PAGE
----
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Anatomy of a clown and his clownish movement

Some people just don’t know when to throw in the keffiyeh.

It wasn’t enough that Princeton pro-Hamas activist David Chmielewski and his protesting comrades made complete fools of themselves by announcing a hunger strike until school officials gave in to their demands.

Chmielewski claimed the activists’ demands were “not that intense,” said the actions of the university, not those of pro-Hamas protesters, were responsible for the “unsafe [campus] environment,” and proclaimed if Princeton officials “want[ed] to let us starve, then they’re welcome to do that.”

After getting one of their main demands met — a meeting with President Eisgruber — Chmielewski then whined he and his peers felt “deeply disrespected” when the prez agreed to only one other demand.

Chmielewski said the hunger strike would go on.

And go on it did … allegedly for ten days. The strikers ended up complaining of health issues (“My peers are I are starving,” one activist said in this video clip. “We are physically exhausted. I’m literally shaking right now as you can see. We are both cold and hot at the same time.” Chmielewski is in the middle), so these allegedly dedicated, proud, and devoted anti-Israel Ivy Leaguers concocted the notion of a “rotary” hunger strike.

That’s right, they traded off not partaking of food. That’s dedication for ‘ya.

Shortly thereafter, Chmielewski got a glowing article in The Atlantic (advertised on X as “A Gaza Protester Who’s Willing to Suffer”) in which writer Graeme Wood wrote “Ten days isn’t long, but it is nine days longer than I’ve ever gone without food, so I am not inclined to downplay the unpleasantness of the experience. In fact, I respect Chmielewski.”

At least this respect didn’t get in the way of asking Chmielewski (pictured) some marginally tough questions, such as why doesn’t Hamas make use of non-violent tactics like hunger strikes?

MORE: Princeton belly dancers condemn Israel’s ‘intentional genocide’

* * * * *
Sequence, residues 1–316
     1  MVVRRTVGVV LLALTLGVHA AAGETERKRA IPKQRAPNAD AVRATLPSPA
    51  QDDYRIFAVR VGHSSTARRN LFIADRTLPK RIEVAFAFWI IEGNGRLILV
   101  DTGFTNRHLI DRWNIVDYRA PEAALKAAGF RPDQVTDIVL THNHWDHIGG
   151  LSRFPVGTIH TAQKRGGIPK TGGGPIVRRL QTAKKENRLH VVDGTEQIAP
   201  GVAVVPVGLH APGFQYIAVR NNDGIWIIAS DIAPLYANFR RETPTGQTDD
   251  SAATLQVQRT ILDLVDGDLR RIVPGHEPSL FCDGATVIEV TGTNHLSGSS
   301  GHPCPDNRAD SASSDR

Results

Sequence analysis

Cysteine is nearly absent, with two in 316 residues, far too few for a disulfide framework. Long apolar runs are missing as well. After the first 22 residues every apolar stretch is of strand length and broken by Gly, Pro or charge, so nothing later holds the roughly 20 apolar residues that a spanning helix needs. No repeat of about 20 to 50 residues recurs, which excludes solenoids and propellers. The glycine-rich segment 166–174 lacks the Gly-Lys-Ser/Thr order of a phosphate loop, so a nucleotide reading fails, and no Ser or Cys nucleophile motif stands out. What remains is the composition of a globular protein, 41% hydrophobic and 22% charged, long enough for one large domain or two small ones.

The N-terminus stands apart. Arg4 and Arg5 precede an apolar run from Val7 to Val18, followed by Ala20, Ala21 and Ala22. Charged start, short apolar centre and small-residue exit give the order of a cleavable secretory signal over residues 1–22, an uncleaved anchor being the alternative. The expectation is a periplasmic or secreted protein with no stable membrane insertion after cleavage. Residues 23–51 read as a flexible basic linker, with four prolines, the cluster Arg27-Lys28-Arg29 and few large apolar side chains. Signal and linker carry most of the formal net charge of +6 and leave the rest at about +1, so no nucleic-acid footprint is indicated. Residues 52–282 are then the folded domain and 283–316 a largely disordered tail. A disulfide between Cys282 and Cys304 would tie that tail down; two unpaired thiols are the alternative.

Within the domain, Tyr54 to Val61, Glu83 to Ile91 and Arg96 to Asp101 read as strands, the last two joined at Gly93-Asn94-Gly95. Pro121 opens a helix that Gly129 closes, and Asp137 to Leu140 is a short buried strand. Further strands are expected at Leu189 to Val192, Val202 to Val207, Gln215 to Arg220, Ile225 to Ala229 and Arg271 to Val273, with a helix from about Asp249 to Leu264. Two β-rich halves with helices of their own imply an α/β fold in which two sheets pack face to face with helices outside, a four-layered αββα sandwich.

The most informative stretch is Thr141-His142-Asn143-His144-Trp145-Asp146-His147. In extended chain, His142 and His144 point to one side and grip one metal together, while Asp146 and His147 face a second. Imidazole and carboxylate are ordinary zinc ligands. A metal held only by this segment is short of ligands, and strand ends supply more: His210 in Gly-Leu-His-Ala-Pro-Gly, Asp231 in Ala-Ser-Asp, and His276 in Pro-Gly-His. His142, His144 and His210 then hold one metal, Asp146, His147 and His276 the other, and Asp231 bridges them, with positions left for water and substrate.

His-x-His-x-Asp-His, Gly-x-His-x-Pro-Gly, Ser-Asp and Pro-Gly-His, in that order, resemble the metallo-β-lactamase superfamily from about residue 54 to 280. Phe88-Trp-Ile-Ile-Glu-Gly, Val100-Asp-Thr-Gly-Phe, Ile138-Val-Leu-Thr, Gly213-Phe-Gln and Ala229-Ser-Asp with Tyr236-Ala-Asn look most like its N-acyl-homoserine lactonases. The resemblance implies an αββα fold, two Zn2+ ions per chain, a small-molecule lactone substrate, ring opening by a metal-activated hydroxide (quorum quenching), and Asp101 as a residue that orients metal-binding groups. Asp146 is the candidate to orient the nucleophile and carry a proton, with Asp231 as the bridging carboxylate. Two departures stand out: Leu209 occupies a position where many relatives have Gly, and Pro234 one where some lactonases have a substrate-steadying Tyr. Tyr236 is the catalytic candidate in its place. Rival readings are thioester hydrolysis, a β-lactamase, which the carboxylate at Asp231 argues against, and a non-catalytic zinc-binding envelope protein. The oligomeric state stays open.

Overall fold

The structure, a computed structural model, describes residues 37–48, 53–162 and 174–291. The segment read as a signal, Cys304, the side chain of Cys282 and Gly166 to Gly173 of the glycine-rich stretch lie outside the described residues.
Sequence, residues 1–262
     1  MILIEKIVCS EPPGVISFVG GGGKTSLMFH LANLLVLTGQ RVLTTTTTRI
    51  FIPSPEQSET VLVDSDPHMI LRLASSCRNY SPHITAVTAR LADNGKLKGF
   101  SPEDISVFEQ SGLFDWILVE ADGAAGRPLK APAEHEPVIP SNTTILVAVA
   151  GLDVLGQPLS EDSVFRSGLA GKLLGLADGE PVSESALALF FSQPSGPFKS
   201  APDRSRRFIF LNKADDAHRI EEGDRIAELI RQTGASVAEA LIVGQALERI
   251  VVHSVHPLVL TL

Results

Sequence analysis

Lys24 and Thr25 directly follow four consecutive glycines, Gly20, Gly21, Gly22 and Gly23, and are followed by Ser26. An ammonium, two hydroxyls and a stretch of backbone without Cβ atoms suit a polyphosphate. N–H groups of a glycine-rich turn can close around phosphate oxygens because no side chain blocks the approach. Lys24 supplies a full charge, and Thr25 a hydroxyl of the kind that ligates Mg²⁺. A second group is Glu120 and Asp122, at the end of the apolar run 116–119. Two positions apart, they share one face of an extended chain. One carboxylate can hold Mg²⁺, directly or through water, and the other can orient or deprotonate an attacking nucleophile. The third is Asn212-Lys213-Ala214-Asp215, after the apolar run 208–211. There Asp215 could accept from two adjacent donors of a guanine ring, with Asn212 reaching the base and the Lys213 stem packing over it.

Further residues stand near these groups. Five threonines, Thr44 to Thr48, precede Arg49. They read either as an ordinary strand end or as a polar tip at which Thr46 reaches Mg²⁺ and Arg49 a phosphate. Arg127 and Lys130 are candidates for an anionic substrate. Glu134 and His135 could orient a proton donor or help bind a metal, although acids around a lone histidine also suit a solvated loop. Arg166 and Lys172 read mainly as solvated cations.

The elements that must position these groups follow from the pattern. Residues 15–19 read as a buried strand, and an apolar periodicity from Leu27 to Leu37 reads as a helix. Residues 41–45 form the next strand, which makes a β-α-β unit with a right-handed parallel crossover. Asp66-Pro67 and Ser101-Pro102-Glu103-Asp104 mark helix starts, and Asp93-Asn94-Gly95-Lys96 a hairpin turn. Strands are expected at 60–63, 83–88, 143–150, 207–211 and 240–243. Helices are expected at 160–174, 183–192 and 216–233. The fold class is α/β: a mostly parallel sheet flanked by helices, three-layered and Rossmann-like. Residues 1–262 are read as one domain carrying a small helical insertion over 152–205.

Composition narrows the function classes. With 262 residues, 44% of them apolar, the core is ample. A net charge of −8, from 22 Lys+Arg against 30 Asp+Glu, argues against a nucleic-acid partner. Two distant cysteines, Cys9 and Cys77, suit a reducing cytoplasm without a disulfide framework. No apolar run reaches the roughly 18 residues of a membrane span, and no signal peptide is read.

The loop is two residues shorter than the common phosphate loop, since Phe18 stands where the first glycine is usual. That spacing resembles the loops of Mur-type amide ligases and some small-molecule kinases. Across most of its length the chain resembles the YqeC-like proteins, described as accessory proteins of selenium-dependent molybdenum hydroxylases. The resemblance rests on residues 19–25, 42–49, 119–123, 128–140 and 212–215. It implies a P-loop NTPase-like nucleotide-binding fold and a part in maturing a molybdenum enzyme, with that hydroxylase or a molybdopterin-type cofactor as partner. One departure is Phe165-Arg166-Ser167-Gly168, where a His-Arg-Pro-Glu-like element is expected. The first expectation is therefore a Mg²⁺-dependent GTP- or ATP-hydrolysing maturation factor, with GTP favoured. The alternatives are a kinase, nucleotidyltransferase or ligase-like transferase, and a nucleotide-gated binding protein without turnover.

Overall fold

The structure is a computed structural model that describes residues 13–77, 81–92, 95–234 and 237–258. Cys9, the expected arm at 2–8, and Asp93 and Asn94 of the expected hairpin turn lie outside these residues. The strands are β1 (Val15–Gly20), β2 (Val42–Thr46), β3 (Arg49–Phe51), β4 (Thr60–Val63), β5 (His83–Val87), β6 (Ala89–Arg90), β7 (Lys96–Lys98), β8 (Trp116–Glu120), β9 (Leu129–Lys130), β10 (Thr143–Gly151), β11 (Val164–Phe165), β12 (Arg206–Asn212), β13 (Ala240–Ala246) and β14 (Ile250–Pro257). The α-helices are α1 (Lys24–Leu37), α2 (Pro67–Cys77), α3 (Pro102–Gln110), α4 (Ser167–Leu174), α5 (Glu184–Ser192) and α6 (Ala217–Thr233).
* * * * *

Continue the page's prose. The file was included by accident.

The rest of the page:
That query is “better asked of a Palestinian,” Chmielewski replied. “I don’t necessarily feel qualified to speak to the exact reasons for the dynamics of what tactics Palestinians have adopted historically.”

Of course.

Alas, Chmielewski doesn’t know when to quit while he’s behind. Earlier this week he penned an op-ed in The Daily Princetonian where he says (seemingly with a straight face) that the Princeton Gaza Solidarity Encampment (aka the Popular University for Gaza) achieved “incredible things,” and reiterates it wasn’t anti-Israel protesters who caused havoc on campus, but school officials.

Some of those “incredible” things included activists:

— “making art together”
— “holding teach-ins”
— sharing meals
— “learn[ing] traditions of solidarity and struggle across different times and places.”

Chmielewski concludes:

Before the Popular University for Gaza, I sincerely doubt any outdoor green space on campus, let alone Princeton’s main green, had been used for such a beautiful display of community and solidarity. On that tarp, on that day, we were not just abstractly talking about community-engaged scholarship, but actively shattering the illusion of the Orange Bubble, bringing students and communities of all backgrounds together to prove that Princeton students were anything but unconcerned with the world around them.

This is the story of the Princeton encampment: Princeton students hunger striking; Princeton students proudly practicing their faith as a form of resistance; Princeton students praying side by side; Princeton students inviting their community to eat with them, day after day. It’s the story of Princeton students deeply invested in constructing worlds much better than those offered up by the University, a story that was almost unimaginable before.

Here’s something else that’s unimaginable: An English major with a specialization in “decolonial theory and critical thought” getting and holding a job outside of academia.

MORE: Conservative Israeli scholar at Princeton target of cancel culture campaign

IMAGES: WGN TV/Facebook; Oli London/X

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About the Author
Associate Editor
Dave has been writing about education, politics, and entertainment for over 20 years, including a stint at the popular media bias site Newsbusters. He is a retired educator with over 25 years of service and is a member of the National Association of Scholars. Dave holds undergraduate and graduate degrees from the University of Delaware.